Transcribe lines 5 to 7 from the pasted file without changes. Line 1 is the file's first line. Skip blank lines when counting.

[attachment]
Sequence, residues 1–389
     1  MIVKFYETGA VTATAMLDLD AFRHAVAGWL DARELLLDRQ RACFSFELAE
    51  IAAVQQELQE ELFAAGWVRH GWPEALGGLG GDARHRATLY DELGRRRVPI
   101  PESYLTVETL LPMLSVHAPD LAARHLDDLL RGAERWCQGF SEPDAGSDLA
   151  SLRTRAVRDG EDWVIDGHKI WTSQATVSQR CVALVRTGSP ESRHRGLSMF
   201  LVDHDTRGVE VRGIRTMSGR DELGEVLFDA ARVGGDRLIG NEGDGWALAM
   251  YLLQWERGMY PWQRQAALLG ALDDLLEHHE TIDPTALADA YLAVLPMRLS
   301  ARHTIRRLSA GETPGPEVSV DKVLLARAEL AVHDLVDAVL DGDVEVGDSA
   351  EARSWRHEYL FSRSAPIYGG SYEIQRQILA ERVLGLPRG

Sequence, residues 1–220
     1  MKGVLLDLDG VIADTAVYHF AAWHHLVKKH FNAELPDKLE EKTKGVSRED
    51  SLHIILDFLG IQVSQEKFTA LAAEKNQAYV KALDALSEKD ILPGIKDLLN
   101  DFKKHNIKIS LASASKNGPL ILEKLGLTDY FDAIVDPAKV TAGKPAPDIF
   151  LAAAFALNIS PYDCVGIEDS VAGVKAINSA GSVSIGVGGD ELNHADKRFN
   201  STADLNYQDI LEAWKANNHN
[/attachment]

   151  SLRTRAVRDG EDWVIDGHKI WTSQATVSQR CVALVRTGSP ESRHRGLSMF
   201  LVDHDTRGVE VRGIRTMSGR DELGEVLFDA ARVGGDRLIG NEGDGWALAM
   251  YLLQWERGMY PWQRQAALLG ALDDLLEHHE TIDPTALADA YLAVLPMRLS